On 10/28/11 9:31 PM, Sébastien Brisard wrote:
> Hi,
> The following question might sound stupid, but occured to me while
> thinking about MATH692. So here goes. What was initially meant by
> "Continuous Distribution" (as in AbstractContinuousDistribution) ?
> My view on this is that the underlying random variable is defined by a
> *density*, which takes *continuous* arguments. But nothing prevents
> this density to be infinite at some *discrete* points (Dirac
> generalized function). Then the cumulative sum would be only piecewise
> C1.
> When these distributions were first implemented, was it intended to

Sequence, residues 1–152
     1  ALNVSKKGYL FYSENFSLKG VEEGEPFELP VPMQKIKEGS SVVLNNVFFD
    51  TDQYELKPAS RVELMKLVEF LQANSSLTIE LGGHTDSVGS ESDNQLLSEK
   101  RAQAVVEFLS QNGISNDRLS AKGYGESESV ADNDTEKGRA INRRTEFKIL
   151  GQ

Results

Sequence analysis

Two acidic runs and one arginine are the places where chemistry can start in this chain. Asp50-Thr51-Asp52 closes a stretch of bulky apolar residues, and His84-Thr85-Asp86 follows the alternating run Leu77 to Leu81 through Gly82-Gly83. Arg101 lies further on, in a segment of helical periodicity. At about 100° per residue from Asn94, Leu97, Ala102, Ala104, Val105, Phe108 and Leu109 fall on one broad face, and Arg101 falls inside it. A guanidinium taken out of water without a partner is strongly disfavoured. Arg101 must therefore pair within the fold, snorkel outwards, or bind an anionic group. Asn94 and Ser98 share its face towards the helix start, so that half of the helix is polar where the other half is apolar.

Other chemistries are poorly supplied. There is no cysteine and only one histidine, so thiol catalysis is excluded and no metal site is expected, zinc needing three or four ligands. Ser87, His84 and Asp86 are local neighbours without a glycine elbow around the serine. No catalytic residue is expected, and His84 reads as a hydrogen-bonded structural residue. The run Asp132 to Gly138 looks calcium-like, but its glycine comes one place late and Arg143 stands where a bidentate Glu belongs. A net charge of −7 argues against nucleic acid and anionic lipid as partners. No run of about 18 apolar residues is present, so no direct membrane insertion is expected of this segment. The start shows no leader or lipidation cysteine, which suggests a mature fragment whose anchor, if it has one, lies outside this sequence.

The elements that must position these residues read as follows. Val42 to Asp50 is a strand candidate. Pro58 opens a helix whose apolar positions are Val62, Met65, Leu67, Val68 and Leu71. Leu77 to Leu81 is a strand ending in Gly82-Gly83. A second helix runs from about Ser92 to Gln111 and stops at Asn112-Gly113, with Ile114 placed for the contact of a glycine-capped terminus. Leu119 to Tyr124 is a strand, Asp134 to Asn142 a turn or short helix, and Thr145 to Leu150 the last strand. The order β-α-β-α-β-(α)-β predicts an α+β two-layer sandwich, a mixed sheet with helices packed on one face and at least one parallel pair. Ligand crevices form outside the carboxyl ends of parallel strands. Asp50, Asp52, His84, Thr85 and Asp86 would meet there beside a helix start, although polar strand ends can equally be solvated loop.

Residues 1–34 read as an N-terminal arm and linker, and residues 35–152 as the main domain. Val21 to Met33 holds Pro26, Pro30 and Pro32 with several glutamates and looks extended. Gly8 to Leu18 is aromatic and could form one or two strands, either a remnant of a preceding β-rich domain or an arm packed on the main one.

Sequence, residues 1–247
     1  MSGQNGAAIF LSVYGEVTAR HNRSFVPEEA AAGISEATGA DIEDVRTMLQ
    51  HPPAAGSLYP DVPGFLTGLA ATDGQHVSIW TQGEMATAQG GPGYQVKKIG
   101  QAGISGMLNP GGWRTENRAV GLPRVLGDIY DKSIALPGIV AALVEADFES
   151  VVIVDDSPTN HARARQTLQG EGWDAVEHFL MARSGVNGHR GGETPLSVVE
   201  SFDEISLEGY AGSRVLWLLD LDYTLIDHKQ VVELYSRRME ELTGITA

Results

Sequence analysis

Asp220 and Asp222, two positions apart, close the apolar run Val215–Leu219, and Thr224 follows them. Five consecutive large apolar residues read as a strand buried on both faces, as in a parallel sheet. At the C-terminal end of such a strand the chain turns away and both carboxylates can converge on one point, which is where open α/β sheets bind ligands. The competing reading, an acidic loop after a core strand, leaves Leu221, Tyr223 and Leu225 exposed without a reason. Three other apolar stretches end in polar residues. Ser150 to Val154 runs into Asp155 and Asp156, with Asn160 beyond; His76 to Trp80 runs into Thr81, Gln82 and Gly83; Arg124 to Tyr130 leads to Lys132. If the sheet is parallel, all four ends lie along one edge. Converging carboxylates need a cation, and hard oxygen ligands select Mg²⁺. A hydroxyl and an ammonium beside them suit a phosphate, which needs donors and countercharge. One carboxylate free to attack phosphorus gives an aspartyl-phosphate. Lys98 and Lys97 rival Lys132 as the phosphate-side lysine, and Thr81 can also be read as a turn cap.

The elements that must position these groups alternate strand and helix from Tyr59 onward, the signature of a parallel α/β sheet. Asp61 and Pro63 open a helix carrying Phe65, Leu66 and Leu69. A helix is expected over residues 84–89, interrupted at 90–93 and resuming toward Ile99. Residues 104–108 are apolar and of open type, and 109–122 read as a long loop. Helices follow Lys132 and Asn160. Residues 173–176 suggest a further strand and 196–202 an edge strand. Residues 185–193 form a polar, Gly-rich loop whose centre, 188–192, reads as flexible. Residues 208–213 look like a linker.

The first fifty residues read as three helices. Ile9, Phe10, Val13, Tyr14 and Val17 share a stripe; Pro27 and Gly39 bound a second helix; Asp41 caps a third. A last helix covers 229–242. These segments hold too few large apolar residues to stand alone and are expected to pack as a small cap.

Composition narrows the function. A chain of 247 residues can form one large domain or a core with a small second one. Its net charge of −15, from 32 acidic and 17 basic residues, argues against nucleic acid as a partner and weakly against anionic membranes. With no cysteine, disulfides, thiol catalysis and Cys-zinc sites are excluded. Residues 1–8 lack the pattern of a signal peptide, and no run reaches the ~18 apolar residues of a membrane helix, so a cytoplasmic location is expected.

> include this case?
We did not talk about these cases initially, but the intent was to
include all continuous distributions. More specifically, we did not
mean to leave a gap  i.e., every distribution should be either
discrete or continuous, which means singular distributions need to
be allowed as continuous.
Phil
> I should add that this case is not purely academic: it is frequently
> met in the analysis of random heterogeneous materials (for example:
> assemblies of hard, monodisperse spheres of radius 0.5: some
> observables have such a singularity at r = 1).
>
> Best regards,
> Sébastien
>
> 
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